The United Nations World Food Programme (WFP) has intensified its efforts to fight food insecurity as it is importing 55,000 metric tonnes of maize which is expected to meet the needs of up to 4.7 million people in drought affected areas of Malawi over the coming months.
This follows a major contribution of nearly US$22 million (K16.6 billion) from the government of Malawi.
The hunger response is happening following a widespread crop failure which led to a second consecutive national maize deficit and food insecurity in the country.
In response to the severity of the situation, relief operations are being scaled up to reach 5.8 million of the estimated 6.5 million people expected to require food assistance during the peak of the lean season, according to latest data from the Malawi Vulnerability Assessment Committee.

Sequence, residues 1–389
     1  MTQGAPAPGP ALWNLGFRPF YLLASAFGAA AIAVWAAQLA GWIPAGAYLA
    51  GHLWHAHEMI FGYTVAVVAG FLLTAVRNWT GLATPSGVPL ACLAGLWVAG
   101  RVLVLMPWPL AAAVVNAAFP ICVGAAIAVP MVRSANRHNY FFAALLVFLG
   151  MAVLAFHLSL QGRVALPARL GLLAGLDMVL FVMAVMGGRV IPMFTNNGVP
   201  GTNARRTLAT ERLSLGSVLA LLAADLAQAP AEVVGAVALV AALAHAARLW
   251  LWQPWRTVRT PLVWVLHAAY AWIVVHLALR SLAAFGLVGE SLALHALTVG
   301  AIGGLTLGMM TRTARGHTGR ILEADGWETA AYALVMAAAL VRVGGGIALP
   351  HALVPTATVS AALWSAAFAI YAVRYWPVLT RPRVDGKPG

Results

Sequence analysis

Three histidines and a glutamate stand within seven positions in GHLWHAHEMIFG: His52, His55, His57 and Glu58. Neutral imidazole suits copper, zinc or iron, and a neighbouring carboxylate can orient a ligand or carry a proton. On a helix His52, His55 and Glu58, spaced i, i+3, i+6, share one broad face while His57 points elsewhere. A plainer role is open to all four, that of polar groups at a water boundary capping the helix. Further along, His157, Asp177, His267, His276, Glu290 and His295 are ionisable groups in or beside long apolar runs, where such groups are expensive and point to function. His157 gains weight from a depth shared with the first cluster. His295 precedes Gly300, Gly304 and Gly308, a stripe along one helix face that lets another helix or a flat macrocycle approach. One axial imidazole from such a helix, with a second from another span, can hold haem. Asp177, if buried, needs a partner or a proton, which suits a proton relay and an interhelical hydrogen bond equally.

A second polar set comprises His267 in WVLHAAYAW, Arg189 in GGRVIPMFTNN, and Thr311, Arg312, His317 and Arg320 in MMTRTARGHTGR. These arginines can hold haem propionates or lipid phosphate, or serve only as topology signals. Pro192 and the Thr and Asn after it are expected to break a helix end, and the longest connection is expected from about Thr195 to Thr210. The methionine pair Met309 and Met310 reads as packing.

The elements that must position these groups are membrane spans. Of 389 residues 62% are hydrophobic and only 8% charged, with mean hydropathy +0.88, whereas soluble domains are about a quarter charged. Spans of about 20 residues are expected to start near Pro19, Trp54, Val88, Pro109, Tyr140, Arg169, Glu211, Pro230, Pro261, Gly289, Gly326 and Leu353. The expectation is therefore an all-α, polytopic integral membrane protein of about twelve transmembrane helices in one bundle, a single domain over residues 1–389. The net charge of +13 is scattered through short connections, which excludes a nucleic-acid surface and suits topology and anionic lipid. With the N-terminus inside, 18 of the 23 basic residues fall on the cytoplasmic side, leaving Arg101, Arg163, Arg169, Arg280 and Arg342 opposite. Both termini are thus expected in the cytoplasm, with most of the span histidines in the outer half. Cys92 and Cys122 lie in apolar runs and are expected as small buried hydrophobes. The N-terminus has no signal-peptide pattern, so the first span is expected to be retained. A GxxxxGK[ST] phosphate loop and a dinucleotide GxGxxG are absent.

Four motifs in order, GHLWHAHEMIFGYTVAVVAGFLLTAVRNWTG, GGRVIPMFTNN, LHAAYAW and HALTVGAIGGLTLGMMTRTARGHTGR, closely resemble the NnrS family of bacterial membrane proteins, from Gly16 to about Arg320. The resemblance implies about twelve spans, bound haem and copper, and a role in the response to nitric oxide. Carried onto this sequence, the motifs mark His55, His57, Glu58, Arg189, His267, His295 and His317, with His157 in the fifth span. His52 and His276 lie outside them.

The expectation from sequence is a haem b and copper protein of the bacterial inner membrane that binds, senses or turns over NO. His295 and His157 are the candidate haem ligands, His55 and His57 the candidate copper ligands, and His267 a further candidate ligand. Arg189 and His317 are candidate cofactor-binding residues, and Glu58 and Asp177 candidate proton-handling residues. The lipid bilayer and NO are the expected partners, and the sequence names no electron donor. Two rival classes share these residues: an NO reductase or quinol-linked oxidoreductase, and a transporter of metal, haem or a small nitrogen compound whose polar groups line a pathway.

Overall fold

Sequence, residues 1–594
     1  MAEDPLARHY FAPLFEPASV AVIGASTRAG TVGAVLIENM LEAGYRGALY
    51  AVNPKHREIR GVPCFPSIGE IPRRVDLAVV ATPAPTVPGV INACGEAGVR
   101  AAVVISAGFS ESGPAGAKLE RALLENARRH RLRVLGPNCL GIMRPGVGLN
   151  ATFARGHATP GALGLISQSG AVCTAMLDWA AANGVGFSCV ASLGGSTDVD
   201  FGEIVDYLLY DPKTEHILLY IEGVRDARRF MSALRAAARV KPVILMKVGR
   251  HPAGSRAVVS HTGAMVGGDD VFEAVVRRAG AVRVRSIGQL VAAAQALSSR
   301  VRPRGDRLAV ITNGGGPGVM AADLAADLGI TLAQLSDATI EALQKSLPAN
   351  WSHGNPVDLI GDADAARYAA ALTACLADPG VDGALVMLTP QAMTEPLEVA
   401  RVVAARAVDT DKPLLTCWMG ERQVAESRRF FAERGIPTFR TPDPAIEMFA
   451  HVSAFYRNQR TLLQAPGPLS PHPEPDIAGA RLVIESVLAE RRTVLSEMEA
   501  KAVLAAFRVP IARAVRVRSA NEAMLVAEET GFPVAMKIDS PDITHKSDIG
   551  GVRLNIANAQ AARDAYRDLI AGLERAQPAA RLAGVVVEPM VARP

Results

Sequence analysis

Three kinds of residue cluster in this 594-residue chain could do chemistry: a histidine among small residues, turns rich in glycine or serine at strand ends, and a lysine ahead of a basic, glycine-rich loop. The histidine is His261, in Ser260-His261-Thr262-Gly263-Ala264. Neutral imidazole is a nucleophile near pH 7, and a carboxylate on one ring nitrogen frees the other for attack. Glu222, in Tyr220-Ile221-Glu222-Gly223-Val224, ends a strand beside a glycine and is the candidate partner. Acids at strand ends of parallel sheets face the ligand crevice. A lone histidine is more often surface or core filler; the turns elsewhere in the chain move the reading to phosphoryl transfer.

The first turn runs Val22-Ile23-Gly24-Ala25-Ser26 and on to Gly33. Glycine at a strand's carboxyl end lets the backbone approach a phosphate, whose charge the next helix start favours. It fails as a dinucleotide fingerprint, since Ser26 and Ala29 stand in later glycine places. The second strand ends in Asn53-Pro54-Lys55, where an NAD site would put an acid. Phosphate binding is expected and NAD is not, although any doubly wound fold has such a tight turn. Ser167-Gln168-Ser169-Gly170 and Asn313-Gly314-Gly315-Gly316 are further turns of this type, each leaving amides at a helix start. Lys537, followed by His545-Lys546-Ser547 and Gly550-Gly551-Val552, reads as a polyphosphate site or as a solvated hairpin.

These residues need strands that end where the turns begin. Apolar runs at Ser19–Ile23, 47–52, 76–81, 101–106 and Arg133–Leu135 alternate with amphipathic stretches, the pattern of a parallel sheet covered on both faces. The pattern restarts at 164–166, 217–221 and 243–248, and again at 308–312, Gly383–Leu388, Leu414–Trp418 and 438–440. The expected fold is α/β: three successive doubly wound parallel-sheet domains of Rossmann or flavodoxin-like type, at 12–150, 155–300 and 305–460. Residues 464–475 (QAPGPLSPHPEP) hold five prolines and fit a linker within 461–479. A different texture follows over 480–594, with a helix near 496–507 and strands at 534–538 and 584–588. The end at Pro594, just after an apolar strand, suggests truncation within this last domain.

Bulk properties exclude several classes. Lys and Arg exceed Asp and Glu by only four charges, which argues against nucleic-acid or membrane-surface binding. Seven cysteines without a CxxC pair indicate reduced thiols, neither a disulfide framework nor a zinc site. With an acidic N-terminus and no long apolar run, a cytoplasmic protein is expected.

“We applaud the government of Malawi for their continued commitment to addressing food insecurity during this unprecedented time of emergency,” said WFP Acting Country Director Mietek Maj.
He added that the contribution provides a critical boost to the maize supply which has been uncertain for the past few months and that being able to respond to people’s needs now is a vital step in protecting development gains already made and in working towards the goal of zero hunger.
The first consignment of the imported maize started arriving in the country early September from Mexico and then from Zambia, within weeks of WFP agreeing to purchase the cereals on behalf of the government of Malawi, the final shipment is scheduled to reach Malawi in October.